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Old 06-23-2013, 11:09 PM   #1
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Default FYI if you're using 3724 and making a big starter,

Give it more than three 72 hours. It was still going after 3.5 days. I had to put it in the fridge while it was still going because my brew day arrived and I wasn't going to pitch 2L. Oh well, if it doesn't finish I'll just pitch 3711.

Now time to have another homebrew.


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Old 06-24-2013, 12:12 AM   #2
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Originally Posted by TheH2
Give it more than three 72 hours. It was still going after 3.5 days. I had to put it in the fridge while it was still going because my brew day arrived and I wasn't going to pitch 2L. Oh well, if it doesn't finish I'll just pitch 3711.

Now time to have another homebrew.
FYI, this yeast likes it hot to finish and should be pitched at 75-80 and then up to 90.

Don't be surprised if it sticks at 1.030. I just used this in a Saison and at 3 weeks was still slowly chugging away. Finally finished at 1.004!

Cold crashing it now and it Smells/tastes amazing!


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Old 06-24-2013, 01:17 AM   #3
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For a starter, does it really need to finish? Once you get through the lag phase, you have the numbers you need. If there's still sugar in the liquid you're going to pour off anyway, what's the harm?
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Old 06-24-2013, 02:14 AM   #4
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Sorry, misread your post, thought you were talking about the beer itself finishing

But my advice stands for the batch itself.
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Old 06-24-2013, 03:37 AM   #5
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For a starter, does it really need to finish? Once you get through the lag phase, you have the numbers you need. If there's still sugar in the liquid you're going to pour off anyway, what's the harm?
I've read from a few places, including from some sharp posters on this forum, that you want to let the starter finish before chilling as you are knocking out the yeast that is well suited to get the last few points.

It kind of makes sense. Also, the only beer I have brewed that didn't attenuate well I chilled the starter after a day. Of course it could have been coincidence.
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Old 06-24-2013, 03:44 AM   #6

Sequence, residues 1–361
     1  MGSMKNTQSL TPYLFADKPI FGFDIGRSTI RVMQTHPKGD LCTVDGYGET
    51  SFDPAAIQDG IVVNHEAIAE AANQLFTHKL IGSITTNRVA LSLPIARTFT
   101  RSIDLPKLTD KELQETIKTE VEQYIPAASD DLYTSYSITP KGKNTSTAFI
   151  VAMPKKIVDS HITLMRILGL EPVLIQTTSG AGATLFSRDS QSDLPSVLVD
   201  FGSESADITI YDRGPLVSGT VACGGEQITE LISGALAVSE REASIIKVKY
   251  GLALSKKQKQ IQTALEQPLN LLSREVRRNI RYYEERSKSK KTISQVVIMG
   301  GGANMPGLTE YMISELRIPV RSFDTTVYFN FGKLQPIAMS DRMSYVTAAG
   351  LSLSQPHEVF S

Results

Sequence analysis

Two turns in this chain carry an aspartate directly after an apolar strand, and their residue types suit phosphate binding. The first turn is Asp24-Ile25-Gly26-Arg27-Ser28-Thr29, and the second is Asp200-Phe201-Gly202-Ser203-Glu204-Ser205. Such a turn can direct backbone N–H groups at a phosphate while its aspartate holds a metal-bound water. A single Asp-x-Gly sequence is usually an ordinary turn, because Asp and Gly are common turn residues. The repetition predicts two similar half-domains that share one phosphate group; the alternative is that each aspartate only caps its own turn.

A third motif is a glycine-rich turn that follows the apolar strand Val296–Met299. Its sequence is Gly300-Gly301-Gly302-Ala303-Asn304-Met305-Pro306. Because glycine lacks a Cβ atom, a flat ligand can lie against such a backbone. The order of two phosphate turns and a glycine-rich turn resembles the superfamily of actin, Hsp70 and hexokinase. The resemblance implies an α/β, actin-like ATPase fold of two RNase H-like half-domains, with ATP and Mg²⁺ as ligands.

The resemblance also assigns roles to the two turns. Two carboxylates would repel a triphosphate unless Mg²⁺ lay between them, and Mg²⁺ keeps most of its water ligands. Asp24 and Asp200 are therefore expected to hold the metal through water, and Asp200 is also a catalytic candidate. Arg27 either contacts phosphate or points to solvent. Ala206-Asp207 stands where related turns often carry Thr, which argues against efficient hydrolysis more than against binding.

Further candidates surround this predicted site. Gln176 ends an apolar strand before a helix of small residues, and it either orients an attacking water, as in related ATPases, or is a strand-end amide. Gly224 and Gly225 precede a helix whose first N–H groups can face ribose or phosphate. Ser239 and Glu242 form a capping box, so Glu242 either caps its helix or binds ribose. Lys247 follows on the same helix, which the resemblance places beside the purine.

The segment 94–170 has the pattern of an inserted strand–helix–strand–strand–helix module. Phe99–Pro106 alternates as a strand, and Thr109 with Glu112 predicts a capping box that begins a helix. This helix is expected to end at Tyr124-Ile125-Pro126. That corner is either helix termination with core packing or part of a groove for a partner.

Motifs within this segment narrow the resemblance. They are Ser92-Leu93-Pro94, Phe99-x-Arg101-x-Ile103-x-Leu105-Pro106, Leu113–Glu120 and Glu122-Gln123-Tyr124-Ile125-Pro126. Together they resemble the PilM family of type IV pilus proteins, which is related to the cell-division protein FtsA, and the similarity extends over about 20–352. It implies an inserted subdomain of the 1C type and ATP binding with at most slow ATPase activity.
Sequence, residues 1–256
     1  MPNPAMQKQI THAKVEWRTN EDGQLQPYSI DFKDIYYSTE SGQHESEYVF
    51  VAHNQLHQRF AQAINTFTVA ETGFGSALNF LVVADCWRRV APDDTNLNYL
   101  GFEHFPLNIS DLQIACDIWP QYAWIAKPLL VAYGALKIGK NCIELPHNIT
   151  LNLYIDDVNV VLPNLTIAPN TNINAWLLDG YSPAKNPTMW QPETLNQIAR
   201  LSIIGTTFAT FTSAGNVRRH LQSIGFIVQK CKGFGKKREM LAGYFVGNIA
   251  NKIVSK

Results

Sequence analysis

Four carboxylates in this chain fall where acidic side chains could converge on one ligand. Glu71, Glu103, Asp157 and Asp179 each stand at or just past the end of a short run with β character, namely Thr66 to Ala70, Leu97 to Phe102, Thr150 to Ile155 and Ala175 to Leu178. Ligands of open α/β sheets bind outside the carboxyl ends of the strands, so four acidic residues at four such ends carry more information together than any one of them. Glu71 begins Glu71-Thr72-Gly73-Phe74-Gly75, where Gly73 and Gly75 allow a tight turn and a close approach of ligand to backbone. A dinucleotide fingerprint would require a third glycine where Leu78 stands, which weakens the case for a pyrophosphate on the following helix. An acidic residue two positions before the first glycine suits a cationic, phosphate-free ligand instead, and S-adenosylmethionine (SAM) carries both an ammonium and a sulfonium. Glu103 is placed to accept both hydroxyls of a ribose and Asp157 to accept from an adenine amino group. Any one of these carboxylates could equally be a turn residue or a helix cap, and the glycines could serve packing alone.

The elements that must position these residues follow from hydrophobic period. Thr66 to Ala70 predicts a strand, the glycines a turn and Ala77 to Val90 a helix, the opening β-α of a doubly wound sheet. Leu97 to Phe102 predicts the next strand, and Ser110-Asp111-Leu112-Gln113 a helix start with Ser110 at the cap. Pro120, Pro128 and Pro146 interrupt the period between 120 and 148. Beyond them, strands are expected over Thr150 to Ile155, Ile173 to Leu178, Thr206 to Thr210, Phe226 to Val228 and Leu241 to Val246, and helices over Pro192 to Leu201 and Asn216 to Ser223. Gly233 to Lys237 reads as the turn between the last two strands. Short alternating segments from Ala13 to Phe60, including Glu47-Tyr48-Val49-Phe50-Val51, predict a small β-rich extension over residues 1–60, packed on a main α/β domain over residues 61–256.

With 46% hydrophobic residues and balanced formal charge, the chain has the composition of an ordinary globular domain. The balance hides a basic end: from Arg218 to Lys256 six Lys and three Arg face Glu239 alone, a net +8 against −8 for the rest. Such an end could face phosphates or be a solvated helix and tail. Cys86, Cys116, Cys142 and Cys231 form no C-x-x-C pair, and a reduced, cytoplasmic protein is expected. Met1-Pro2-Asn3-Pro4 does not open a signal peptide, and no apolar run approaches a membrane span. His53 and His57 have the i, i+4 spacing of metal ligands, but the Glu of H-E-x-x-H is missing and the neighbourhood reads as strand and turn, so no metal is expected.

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FYI, this yeast likes it hot to finish and should be pitched at 75-80 and then up to 90.

Don't be surprised if it sticks at 1.030. I just used this in a Saison and at 3 weeks was still slowly chugging away. Finally finished at 1.004!

Cold crashing it now and it Smells/tastes amazing!
I pitched at 67, will let it ramp up naturally and then use a brew belt. I'd be ecstatic if it got down to 1.004.
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Old 06-24-2013, 11:52 AM   #7
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I pitched at 67, will let it ramp up naturally and then use a brew belt. I'd be ecstatic if it got down to 1.004.
I would ramp it up quick to at least 80 and as it slows get it to 90. If it sticks at 1.030 just leave it at 90 and let it chug away and it will slowly for at least another week.

As for the starter, it is really no big deal if it doesn't finish and you crash it, just keep in mind you will have a lower pitch rate due to halting the starter
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Old 06-25-2013, 04:25 AM   #8
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Crashing a starter isn't a strictly necessary step. In fact, pitching the whole thing while it's active can be a great technique for a nice complete ferment. Try it out...
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Old 06-25-2013, 12:45 PM   #9
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Crashing a starter isn't a strictly necessary step. In fact, pitching the whole thing while it's active can be a great technique for a nice complete ferment. Try it out...
I do that when I have a small starter, but I wasn't going to pitch a little over 2L of an oxidized starter in 5.5 gallons of beer (yeah, I changed between metric and US because my starter container is in L and my fermenter is in gallons). I usually do a small starter the night before and pitch it all but I needed a lot more yeast to ferment this.

For the record, I put the brew belt on last night and the temperature was 72. It is now up to 78. Hopefully it gets over 80 today.
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Old 06-25-2013, 02:39 PM   #10
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With an estery Belgian strain fermented warm I doubt you'll ever taste a 2L starter. I pitch 'em that big all the time and my Belgians always get rave reviews...


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